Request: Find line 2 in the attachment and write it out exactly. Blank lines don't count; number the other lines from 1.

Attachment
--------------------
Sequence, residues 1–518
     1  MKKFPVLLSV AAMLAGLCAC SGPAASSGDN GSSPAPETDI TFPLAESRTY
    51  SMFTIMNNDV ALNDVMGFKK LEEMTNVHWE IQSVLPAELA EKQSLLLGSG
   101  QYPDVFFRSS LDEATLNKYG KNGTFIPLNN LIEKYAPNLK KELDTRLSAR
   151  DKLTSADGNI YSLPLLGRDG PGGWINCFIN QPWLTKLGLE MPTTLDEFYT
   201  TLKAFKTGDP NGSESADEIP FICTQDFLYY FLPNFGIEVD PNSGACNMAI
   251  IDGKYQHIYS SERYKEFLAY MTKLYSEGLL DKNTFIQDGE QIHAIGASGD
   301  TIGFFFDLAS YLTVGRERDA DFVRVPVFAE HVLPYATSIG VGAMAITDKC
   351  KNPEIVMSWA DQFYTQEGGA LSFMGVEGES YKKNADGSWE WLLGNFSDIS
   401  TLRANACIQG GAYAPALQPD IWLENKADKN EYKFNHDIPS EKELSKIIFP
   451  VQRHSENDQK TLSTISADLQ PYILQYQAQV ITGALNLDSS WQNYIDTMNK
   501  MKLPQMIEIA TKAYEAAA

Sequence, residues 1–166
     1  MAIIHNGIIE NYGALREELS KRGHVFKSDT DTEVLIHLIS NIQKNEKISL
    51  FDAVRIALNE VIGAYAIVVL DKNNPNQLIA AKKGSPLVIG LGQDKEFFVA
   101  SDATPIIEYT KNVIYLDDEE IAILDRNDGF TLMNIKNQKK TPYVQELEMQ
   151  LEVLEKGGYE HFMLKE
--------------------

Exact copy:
     1  MKKFPVLLSV AAMLAGLCAC SGPAASSGDN GSSPAPETDI TFPLAESRTY